JAKARTA, Aug 16 (Reuters) - At least six producers in Indonesia’s main tin mining hub of Bangka Belitung have cut exports on the grounds that current global prices for the metal are too weak, company executives said.
Indonesia is the world’s top tin exporter, but with current low demand thinning producers’ profit margins to below cost, there may be further disruptions to shipments, officials said.
“They have stopped tin exports because prices are far below the economical level. We think that the price level that is conducive for export is at least $25,000 per tonne,” Johan Murod, the CEO of Babel Tin Group, told Reuters.
The benchmark London Metal Exchange (LME) tin contract has recovered nearly 7 percent from a one-year low in July, and was trading at around $18,000 a tonne on Thursday.
Last week, top tin exporter Timah said it was holding back on spot sales. The stoppage will continue until “prices are high enough to cover operational costs,” the company’s corporate secretary, Agung Nugroho said on Thursday.
Unlisted Koba Tin, a joint venture between Malaysia Smelting Corporation and PT Timah, said it hadn’t placed any restrictions on exports, but was producing less because of the low prices.
Tightening tin supplies may help insulate the soldering material’s prices from the impact of a slowing economy in China, the world’s top consumer of the metal, industry sources say.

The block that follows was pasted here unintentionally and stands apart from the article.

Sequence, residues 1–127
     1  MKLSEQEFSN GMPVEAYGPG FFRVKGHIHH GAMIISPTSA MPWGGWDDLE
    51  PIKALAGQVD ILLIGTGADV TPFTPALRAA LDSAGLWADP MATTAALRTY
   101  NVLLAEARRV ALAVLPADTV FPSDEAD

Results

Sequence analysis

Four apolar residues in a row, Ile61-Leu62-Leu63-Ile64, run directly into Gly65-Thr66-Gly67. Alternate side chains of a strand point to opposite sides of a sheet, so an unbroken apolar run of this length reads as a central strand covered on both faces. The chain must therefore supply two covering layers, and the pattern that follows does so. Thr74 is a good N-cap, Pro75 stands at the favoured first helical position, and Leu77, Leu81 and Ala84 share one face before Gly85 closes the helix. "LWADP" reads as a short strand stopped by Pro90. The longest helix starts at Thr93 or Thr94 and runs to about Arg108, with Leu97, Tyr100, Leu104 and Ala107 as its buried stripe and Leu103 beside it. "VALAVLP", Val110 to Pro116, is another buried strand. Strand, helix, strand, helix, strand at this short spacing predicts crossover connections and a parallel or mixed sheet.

Sukito Gunawan, the director of the DS Djaya Abadi tin smelting company, said pricing tin ingots had become risky for his business because of falling margins.
“The market is pretty weak in Europe and also China is slowing down, so traders aren’t too keen to stock up.”
He said there was usually a decline in production during the Muslim fasting month of Ramadan, which ends next week, so output could pick up in coming weeks.
Total 2011 exports of tin, mainly used in soldering for electronics, rose almost 4 percent to 96,019.76 tonnes and currently stand at 55,613.52 tonnes for this year.
There are the 44 registered tin smelters in Indonesia.
Cutting shipments may not increase prices unless there is a coordinated effort by Indonesia’s tin industry, said David Wilson, director of metals research at Citi Investment Research & Analysis.
“Given demand is pretty weak at the moment it doesn’t seem to be amazingly supportive at the moment. I think we’d need to see some fairly big falloff in refined tin exports from Indonesia to see some price reaction,” Wilson said.
“If prices continue to bumble along at current levels we might see some more coordinated moves,” Wilson said.
The Indonesian tin association initiated an export stoppage late last year in an effort to boost prices, though some members started shipping again, leading to disputes within the group. (Additional reporting by Yayat Supriatna and Michael Taylor; Editing by Neil Chatterjee and Anthony Barker)